There are clear advantages of mastertrusts for DC pensions – economies of scale in terms of costs and purchasing power around investment, administration, advisory services and compliance costs, and improved governance due to an engaged professional trustee, for example.

This is because most employers need the same thing from a DC scheme. It’s essentially just a tax efficient savings vehicle, so every member and employer benefits from these advantages.

To a degree, one size can fit all for employers with regard to DC pensions.

However, a bit like Tolstoy’s families, unhappy DB pension schemes are all unhappy in their own way.

One of the advantages of scheme specific funding, and this has become even more important in recent years, is that it does provide trustees with a lot of flexibility in dealing with specific issues related to their scheme and employer or sponsor.

There have been a number of announcements recently putting forward DB mastertrusts as a potential solution for legacy DB schemes – I’m not sure how many we need to constitute a bandwagon, but we must be getting close.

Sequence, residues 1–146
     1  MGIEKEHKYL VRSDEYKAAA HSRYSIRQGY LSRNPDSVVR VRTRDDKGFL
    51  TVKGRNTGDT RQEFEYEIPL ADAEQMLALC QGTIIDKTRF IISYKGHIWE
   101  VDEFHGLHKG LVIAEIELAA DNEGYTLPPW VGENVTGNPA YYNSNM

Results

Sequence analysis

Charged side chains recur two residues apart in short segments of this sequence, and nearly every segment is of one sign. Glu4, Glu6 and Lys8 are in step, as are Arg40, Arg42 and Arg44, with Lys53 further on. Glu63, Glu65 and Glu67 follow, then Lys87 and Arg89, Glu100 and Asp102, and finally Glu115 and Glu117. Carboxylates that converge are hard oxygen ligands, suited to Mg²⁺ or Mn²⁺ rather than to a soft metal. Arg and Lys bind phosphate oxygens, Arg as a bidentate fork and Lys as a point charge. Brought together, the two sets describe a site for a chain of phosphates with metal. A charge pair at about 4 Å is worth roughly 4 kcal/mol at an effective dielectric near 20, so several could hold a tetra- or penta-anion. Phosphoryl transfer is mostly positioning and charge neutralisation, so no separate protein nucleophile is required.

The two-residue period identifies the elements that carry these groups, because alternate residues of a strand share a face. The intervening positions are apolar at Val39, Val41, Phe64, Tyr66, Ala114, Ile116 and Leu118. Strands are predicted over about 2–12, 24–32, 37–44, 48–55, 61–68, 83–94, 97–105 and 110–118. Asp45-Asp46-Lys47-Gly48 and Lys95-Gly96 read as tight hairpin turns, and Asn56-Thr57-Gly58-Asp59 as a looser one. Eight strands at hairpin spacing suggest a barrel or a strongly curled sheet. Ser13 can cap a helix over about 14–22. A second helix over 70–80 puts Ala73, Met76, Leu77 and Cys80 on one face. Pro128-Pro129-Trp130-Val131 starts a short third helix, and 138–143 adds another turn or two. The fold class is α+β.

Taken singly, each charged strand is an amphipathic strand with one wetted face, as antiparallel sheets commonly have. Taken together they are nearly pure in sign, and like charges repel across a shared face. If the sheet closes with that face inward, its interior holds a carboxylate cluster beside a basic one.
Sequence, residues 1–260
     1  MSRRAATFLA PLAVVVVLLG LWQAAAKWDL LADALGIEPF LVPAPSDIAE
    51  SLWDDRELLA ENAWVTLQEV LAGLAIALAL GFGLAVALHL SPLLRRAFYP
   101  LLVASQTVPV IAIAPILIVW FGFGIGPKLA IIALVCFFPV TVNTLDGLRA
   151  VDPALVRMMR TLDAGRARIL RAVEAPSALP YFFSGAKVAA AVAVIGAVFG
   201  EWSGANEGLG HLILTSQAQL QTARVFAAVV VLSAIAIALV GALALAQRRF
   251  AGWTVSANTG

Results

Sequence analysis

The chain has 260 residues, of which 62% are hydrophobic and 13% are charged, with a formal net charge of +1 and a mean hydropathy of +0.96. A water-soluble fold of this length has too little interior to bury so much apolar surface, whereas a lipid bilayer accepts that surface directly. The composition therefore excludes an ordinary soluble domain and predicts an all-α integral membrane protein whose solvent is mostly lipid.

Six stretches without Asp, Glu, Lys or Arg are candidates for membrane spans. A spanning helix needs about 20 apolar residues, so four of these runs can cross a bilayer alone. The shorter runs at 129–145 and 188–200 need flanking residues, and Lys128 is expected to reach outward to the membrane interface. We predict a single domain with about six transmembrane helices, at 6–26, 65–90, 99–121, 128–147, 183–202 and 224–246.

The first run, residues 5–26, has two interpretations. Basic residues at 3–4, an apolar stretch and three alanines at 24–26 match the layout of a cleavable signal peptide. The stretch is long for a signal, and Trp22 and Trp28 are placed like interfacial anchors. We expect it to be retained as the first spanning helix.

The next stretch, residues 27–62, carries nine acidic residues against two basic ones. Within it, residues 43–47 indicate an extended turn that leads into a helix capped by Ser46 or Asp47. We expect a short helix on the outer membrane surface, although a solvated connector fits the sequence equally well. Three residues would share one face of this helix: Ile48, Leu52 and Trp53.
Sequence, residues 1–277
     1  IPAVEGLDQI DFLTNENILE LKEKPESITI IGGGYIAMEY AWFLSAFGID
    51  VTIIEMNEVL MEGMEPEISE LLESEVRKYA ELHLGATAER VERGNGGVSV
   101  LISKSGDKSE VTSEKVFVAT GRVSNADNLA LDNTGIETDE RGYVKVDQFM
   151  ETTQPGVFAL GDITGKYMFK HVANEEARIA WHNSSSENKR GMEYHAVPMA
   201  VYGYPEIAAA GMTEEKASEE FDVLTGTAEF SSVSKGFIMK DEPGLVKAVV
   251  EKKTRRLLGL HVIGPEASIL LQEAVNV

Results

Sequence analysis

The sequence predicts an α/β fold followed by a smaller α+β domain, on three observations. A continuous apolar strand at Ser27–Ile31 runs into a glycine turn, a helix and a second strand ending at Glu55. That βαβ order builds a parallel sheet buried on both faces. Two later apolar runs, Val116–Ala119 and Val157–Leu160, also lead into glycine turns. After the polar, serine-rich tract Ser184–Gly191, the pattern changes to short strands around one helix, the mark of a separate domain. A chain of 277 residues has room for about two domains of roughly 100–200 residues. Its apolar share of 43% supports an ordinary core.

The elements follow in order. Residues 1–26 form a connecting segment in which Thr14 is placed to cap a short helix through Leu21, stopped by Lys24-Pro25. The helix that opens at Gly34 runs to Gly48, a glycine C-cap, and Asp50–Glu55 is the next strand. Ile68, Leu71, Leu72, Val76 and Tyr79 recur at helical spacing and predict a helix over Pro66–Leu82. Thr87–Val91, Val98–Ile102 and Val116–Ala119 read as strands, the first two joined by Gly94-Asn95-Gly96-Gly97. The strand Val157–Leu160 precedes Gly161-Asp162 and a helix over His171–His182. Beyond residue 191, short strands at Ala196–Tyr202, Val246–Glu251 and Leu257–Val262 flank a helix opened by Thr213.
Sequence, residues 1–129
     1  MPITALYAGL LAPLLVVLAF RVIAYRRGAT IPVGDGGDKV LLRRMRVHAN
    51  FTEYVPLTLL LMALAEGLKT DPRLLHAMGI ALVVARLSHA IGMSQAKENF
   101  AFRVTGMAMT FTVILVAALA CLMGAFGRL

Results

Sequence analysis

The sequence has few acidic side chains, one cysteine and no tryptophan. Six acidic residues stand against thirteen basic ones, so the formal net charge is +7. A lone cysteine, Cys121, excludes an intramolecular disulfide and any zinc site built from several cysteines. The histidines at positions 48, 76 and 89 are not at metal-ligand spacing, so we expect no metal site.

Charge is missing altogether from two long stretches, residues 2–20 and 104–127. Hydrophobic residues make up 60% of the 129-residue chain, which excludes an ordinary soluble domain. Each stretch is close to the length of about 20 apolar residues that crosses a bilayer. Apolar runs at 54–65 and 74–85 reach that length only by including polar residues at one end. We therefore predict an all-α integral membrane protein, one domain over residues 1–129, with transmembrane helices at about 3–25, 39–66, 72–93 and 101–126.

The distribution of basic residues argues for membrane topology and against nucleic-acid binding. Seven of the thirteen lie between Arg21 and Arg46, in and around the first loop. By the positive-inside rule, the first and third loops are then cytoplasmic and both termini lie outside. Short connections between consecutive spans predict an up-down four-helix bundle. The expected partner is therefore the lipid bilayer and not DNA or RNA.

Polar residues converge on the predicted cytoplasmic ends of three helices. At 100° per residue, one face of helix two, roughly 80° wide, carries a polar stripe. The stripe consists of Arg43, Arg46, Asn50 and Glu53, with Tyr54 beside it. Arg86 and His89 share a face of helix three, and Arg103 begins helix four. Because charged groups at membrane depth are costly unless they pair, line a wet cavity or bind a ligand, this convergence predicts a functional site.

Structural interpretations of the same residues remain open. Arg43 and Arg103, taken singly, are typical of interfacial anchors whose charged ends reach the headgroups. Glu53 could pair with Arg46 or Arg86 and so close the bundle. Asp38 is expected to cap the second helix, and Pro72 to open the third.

DB mastertrusts are not a new idea, but existing examples have been unable, to date, to respond to the needs of trustees and employers in the current dynamic pensions environment.

DB mastertrusts have often limited the flexibility available to employers to deal with issues in a way that best suits their specific circumstances, covenant and business plan. So for employers who currently have their own standalone DB schemes, DB mastertrusts may hold little attraction.

In DB schemes the one-size-fits-all approach is the antithesis of what is required – you do not want a one-size-fits-all investment strategy, you do not want a one-size-fits-all funding plan and you do not wants a one-size-fits-all strategic plan for your pension scheme.

There have also often been hidden cross subsidies between employers in traditional DB mastertrusts which in our experience are not clearly understood by employers and sponsors.